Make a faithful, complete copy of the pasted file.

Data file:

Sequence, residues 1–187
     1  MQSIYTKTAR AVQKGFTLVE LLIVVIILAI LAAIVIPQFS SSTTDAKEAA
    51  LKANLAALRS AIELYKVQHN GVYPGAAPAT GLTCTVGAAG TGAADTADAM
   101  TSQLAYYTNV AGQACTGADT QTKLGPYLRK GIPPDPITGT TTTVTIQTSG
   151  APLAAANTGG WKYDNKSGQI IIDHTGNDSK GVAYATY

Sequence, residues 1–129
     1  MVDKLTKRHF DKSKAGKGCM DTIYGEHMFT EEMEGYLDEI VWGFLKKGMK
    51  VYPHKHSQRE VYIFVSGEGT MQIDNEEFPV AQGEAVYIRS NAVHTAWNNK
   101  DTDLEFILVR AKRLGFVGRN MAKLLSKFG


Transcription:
Sequence, residues 1–187
     1  MQSIYTKTAR AVQKGFTLVE LLIVVIILAI LAAIVIPQFS SSTTDAKEAA
    51  LKANLAALRS AIELYKVQHN GVYPGAAPAT GLTCTVGAAG TGAADTADAM
   101  TSQLAYYTNV AGQACTGADT QTKLGPYLRK GIPPDPITGT TTTVTIQTSG
   151  APLAAANTGG WKYDNKSGQI IIDHTGNDSK GVAYATY

Sequence, residues 1–129
     1  MVDKLTKRHF DKSKAGKGCM DTIYGEHMFT EEMEGYLDEI VWGFLKKGMK
    51  VYPHKHSQRE VYIFVSGEGT MQIDNEEFPV AQGEAVYIRS NAVHTAWNNK
   101  DTDLEFILVR AKRLGFVGRN MAKLLSKFG